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Name: ERROLL, Josslyn Victor Hay, 22nd Earl

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Nee: 22nd Earl of Erroll

Birth Date: 11 May 1901 London

Death Date: 24 Jan 1941 murdered at Karen

First Date: 1924

Last Date: 1941

Profession: Playboy. Military Secretary in World War 2

Area: Kiambu, Naivasha

Married: 1. In Kensington 23 Sep 1923 Lady (Myra) Idina Sackville b. 26 Deb 1893 Buckhurst, d. 5 Nov 1955 Mombasa (dau. of 8th Earl de la Warr) (div. 1930- see her entry under Sackville for her other marriages); 2. In London 8 Feb 1930 Mrs Edith Mildred Mary 'Mollie' Ramsay-Hill née Maude b. 3 Nov 1893 Chelsea, d. 13 Oct 1939 Nairobi (see her entry)

Children: 1. Diana Denyse Hay (5 Jan 1926 Nairobi-17 May 1978 Oban) (Carnegie, Moncrieffe) - later Countess of Erroll in her own right

Book Reference: Best, Golf, Markham, Vulture, Frampton, Mischief, Debrett, Hut, Bur, Wolseley-Lewis, Carnelley, Barnes, First Wheel, Ghosts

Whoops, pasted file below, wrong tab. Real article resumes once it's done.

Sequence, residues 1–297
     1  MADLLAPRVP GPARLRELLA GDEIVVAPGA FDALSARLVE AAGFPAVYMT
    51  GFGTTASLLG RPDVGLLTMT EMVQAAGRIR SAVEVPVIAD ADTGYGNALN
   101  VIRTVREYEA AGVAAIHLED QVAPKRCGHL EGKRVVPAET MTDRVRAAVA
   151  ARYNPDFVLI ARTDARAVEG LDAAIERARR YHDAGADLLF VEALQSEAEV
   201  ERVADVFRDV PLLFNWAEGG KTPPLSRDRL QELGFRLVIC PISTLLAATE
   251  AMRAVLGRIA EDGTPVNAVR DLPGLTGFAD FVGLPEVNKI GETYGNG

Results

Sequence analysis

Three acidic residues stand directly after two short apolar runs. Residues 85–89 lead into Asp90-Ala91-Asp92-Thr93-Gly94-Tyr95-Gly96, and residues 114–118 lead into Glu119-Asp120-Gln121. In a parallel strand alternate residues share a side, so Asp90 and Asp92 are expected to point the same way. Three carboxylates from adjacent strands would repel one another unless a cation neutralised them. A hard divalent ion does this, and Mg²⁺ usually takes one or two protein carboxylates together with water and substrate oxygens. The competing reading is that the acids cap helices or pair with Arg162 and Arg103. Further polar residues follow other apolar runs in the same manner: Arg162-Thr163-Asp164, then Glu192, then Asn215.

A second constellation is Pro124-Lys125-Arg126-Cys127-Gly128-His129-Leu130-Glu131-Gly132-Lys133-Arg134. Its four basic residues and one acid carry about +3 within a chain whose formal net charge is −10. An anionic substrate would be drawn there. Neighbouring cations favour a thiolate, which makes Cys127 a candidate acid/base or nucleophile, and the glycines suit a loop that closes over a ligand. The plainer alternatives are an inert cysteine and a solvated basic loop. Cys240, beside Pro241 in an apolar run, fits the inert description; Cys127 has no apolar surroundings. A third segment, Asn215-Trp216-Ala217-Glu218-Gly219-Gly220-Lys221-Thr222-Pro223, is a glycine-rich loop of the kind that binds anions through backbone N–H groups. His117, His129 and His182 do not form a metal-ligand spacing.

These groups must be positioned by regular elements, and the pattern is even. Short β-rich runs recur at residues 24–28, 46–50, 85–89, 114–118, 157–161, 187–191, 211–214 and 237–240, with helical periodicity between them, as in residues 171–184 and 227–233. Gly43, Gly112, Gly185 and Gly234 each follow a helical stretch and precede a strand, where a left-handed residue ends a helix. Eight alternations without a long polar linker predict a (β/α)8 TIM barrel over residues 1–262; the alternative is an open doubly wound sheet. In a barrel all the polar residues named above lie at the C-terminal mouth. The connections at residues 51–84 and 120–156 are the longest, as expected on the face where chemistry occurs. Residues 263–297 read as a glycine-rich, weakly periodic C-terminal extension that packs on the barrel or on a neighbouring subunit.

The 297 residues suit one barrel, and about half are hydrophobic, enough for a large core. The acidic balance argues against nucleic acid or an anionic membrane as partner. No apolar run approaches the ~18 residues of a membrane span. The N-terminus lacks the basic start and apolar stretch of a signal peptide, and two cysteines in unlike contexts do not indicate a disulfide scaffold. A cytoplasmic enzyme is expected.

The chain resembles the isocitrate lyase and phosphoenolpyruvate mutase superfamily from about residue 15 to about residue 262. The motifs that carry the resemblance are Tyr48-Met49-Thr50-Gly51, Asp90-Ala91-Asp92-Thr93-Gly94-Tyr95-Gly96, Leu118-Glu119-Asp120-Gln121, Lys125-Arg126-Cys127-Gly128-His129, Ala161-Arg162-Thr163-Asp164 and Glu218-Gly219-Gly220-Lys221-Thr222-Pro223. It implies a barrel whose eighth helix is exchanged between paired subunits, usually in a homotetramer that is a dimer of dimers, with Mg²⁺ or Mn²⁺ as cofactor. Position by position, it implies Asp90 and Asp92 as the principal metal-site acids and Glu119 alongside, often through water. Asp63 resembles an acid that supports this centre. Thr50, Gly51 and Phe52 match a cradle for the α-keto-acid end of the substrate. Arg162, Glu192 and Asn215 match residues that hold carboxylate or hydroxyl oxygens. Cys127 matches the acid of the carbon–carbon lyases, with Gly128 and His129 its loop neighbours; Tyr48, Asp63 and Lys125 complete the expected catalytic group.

General Information:

President of Naivasha Sports Club in 1934-39. 
Best - 30th Chief of the Hays since 1160, baron of Slains, 26th Hereditary High Constable of Scotland and widely reputed to be tremendously exciting in bed. A Kenya settler since the early 1920s and a onetime resident of Naivasha in Happy Valley, he had been elected Member of the Legislative Council for the Kiambu constituency and held a temporary commission in the Kenya Regiment. He was 39 years old at the time of his murder, impoverished, good looking and notorious even in a promiscuous society for sleeping around - a compulsive womaniser, of whom the judge in a very messy divorce case had once observed: 'It is obvious that the co-respondent is a blackguard.'
Markham - His second wife, Molly, owned Oserian, a lake shore home at Naivasha, more notoriously known as the 'Djinn Palace' - 1931 - affair with Beryl Markham
Frampton - Djinn Palace where Joss Errol lived - a vast room with a domed ceiling depicting the firmaments: stars moon and all that. He was still a menace to each and every woman and always would be.